Ironically, many of these growing firms are acquiring small outposts in communities that are a great distance from each other and that follow no logical pattern for branding purposes. They are just people sitting in random locations, with different cultures, different types of clients, different ways in which they create business, different technology and workflow and different demographics.

This acquisition strategy makes the pursuit of critical mass even more difficult. Not only does the consolidator need to achieve a level of sustained growth and a consistent client experience at the firm level, they have to do the same for each location they now have.

For example, if a firm chooses to buy a practice with three partners in their 60s, eventually they will need to replace the advisors. Chances are the clients of that practice are older than the advisors, so the client base will have to be re-created.

Staff and technology likely will need training and upgrading as well. At the corporate level, each of these elements must be linked so that the running of the business and the delivery of advice become standardized while the specific advice to clients remains customized.

Future Framework For those who choose not to pursue the consolidation route, more attention must be given to how the firm will outlive the founder. Critical mass is also the answer in this circumstance. I view critical mass in an advisory firm as the point at which you have redundancy in each position while at the same time achieving reasonable profitability and revenue growth goals.

Think about what that means: 1. Redundancy. People come and go, they get sick, they take vacations, they leave for other companies. Advisory firms must ensure that every function, critical or not, can be performed consistently and superbly when shocks occur. This means investing in the training and development of your people and hiring sufficient staff at all levels to ensure continuity in the roles.

2. Profitability. A well-managed advisory firm today should be able to generate a 25% net margin after fair compensation to the professional staff including the owners, and all reasonable business expenses. The top performing firms are closer to a 30% net margin. Small advisory firms find it difficult to achieve this level of profitability.

They also have a hard time sustaining optimum performance when adding people, expanding offices and purchasing better tools of their trade. How large does your firm need to be to absorb important expenditures without affecting the bottom line in a meaningful way?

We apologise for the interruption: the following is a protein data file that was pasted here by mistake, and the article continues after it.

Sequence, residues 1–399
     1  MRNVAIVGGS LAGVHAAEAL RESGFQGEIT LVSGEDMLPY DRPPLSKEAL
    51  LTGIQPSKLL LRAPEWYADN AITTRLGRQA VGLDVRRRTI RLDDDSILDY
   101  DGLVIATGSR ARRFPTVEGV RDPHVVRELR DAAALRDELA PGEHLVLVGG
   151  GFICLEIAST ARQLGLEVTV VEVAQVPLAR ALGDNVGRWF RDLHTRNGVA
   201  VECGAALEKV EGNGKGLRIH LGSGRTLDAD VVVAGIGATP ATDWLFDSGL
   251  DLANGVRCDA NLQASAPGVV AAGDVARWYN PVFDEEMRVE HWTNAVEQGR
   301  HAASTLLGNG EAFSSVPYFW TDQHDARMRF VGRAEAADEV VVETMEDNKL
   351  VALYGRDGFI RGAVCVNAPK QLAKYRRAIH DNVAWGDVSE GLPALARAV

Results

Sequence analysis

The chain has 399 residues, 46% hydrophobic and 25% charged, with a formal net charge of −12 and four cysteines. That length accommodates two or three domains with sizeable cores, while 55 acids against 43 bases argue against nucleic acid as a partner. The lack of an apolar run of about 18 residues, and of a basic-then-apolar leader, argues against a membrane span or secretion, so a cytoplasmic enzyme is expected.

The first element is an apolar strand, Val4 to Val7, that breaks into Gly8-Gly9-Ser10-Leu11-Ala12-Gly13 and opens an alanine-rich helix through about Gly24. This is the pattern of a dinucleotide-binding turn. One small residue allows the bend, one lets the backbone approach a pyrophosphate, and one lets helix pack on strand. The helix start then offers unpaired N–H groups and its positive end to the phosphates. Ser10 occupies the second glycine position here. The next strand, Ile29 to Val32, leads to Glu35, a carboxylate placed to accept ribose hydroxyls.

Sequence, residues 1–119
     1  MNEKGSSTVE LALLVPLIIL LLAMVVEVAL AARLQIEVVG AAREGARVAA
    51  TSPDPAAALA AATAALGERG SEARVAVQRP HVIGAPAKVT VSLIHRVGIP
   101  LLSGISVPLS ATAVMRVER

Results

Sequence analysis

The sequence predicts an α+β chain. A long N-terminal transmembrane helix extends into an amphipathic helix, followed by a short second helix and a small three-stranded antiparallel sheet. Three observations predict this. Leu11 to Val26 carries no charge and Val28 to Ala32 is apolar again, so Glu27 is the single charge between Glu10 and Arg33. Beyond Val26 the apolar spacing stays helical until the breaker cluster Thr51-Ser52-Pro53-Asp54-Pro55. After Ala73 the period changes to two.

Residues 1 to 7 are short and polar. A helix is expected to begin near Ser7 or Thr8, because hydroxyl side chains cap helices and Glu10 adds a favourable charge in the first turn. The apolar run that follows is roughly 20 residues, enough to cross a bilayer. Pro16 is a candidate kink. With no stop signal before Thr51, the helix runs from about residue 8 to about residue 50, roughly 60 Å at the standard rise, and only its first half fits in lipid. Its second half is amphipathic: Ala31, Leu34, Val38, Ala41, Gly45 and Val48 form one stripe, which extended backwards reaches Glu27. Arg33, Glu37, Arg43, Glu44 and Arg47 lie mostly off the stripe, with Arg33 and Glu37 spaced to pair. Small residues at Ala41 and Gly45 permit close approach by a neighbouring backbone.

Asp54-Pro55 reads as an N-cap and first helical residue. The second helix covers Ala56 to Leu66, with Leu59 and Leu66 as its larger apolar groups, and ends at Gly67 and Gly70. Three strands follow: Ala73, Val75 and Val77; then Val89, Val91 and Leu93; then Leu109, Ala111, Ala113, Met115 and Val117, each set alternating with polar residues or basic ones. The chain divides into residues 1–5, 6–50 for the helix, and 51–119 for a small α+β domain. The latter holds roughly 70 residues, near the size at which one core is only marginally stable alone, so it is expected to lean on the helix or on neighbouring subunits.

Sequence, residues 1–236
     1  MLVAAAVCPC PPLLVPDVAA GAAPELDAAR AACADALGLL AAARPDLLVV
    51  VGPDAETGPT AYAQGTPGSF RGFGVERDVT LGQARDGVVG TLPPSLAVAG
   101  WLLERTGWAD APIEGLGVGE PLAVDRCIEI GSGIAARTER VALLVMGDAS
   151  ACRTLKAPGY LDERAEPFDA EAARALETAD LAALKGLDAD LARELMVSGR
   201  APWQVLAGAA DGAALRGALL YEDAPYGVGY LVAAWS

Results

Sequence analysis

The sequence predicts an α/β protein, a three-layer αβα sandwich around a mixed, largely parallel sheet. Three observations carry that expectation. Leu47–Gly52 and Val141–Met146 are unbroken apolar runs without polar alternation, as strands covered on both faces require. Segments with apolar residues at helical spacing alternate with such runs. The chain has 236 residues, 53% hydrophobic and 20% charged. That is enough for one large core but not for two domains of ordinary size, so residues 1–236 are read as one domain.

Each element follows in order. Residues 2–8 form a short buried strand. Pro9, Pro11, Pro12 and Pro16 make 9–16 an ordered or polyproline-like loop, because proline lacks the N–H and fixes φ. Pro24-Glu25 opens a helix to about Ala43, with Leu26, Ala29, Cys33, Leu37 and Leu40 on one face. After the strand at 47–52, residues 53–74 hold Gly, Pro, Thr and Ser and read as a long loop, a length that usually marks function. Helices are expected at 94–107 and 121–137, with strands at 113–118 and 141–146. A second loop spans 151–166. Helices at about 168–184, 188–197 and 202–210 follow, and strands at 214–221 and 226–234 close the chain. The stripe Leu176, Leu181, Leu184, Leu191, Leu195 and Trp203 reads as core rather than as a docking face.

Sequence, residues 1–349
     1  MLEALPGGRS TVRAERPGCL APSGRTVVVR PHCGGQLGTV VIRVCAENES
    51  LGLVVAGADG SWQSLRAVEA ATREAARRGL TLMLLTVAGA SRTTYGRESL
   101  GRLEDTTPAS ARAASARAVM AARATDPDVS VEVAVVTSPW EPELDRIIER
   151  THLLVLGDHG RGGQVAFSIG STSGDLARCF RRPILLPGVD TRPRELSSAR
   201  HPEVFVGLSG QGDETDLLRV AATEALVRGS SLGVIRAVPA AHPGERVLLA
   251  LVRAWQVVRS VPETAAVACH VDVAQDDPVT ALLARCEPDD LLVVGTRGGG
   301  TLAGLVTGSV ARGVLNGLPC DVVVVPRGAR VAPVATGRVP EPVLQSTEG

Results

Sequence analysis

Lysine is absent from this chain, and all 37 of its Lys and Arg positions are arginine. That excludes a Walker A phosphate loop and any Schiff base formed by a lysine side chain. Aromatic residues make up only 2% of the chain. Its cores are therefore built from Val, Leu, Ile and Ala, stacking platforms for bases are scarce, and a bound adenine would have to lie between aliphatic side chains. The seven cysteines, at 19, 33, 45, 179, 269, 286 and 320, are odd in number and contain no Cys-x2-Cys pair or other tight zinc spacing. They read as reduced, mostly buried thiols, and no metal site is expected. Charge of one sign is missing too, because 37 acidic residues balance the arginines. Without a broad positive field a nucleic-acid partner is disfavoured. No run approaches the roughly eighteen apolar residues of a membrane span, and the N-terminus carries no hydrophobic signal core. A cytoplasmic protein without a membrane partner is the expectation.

3. Revenue growth. The rate of growth in the average firm has slowed over the past few years, due in large part to a lack of capacity to serve more clients, inadequate branding and marketing and de-accumulation of client assets.

How will your firm sustain a 5–10% year-over-year growth rate exclusive of market appreciation? Will this come from new clients or revenue from existing clients?

Every dollar of investment in staff, processes and technology requires business owners to calculate their expected rate of return on that investment. Generally, it takes 18–24 months for a new hire to become fully productive, so the time over which that return is measured must be taken into account.

When advisors begin thinking about what critical mass looks like for their firm, they begin to define the next phase in their business lifecycle.

You made it through the pioneering, entrepreneurial days in which planning was done over a couple of beers and work was executed in a panic. Now your business is becoming more systematized, the workflow is becoming more standardized, productivity and operational advantages have improved.

Seize the moment to create critical mass. Oftentimes the business is your most valuable asset. You have an opportunity to transform it into an investment that works for you, rather than the other way around.

Mark Tibergien is CEO of BNY Mellon’s Pershing Advisor Solutions. Tibergien is also the author most recently of “The Enduring Advisory Firm,” written with Kim Dellarocca of Pershing and published by Wiley. He can be reached at mtibergien@pershing.com.